Artificial Intelligence (AI) made targeted digital marketing possible in the first place—and with every further development the results become more accurate. Until recently, Machine Learning (ML) was the most modern method for predicting user decisions, but its further development, Deep Learning (DL), has refined the approach and can achieve more precise results.
But what exactly is the difference between these technologies? The following definitions help to differentiate machine learning from deep learning:
- Machine learning (ML) refers to algorithms that analyze data, learn from that data, and then apply what has been learned to make informed decisions. However, machine learning still requires the involvement of a person who provides the definitions necessary for categorization, interprets the data and checks how accurate the predictions are. This means that machine learning can only be as good as the input and the rules with which it is “fed” by the human users.
- Deep learning (DL) is the next step in development that makes it unnecessary for people to make the rules. In deep learning, this is done by neural networks instead, which check and interpret data and predictions or adapt algorithms. Deep learning can also identify and respond to unforeseen situations that users did not expect; hence, it seems to “think”, “learn” and “make decisions”.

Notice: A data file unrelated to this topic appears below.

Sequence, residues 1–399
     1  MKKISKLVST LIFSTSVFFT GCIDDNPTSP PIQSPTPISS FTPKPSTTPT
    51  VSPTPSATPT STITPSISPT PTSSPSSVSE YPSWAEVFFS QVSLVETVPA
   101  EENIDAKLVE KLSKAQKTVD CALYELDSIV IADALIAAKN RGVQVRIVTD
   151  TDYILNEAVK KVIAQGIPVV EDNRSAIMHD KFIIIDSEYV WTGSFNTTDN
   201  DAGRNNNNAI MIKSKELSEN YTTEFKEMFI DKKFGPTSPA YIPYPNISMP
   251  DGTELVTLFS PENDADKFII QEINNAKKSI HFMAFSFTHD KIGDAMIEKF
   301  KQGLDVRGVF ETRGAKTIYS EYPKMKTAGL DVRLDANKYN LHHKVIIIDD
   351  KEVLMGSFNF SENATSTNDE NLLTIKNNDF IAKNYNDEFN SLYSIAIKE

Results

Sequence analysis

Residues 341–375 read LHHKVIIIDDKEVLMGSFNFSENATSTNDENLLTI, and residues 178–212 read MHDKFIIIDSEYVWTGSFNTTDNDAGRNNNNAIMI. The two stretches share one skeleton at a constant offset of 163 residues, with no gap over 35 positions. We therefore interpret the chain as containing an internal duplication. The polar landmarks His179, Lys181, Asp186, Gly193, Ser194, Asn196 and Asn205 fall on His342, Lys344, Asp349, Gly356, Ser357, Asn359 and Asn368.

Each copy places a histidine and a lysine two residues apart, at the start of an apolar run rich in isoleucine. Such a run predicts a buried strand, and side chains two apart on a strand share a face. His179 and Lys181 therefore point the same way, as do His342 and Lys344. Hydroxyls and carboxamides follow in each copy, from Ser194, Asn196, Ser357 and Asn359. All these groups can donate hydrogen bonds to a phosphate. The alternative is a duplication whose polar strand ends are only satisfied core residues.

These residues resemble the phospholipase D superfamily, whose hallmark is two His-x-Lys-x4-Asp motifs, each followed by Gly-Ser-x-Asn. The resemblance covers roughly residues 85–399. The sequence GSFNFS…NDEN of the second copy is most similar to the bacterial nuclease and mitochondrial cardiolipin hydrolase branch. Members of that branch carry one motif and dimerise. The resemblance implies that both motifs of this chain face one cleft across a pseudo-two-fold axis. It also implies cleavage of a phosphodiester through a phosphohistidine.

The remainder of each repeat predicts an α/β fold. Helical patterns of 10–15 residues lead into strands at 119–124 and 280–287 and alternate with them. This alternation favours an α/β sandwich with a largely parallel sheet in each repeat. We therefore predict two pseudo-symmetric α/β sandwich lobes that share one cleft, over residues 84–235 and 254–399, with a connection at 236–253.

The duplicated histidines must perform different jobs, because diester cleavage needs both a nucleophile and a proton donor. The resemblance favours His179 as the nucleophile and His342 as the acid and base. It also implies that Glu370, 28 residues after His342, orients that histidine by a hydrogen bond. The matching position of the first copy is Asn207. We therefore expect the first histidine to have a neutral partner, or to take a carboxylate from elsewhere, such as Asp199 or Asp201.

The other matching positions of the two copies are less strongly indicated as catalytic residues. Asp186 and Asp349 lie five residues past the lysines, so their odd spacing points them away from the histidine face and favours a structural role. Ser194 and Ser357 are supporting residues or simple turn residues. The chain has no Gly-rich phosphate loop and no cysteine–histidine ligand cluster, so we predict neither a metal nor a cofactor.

With DL, even subconscious and not knowingly controlled intentions of users can be recognized and used. DL does not work according to specifications but learns in a targeted manner from all the data collected to achieve the best possible results. There is no subjective influence, such as the specification of business rules, which inevitably includes pre-categorization of human behavior.
The benefits of DL for targeting campaigns can be summarized as follows:
- DL learns independently and writes new rules without reprogramming.
- No rule-based algorithms are required that must be written by programmers.
- DL makes it possible to find further connections between different amounts of data (even hidden ones).
- Structured / organized / categorized data is not required.
- DL recognizes opportunities in a “chaotic”, less predictable environment.
Be it ML or DL, there is no such thing as a “one size fits all” tool. However, DL is particularly superior when large amounts of data are available. One application where DL is clearly beneficial is, for example, product recommendations: DL algorithms determine a “footprint” with every purchase made of the probability customers who viewed or bought certain products will also buy other certain products. DL learns from the behavior of all customers and can suggest certain goods based on this, since customers with similar user behavior were also interested.
But apart from these examples, it is not necessary to play DL and ML against each other. It is more about finding out what is best for a company and the task at hand.
By Daniela La Marca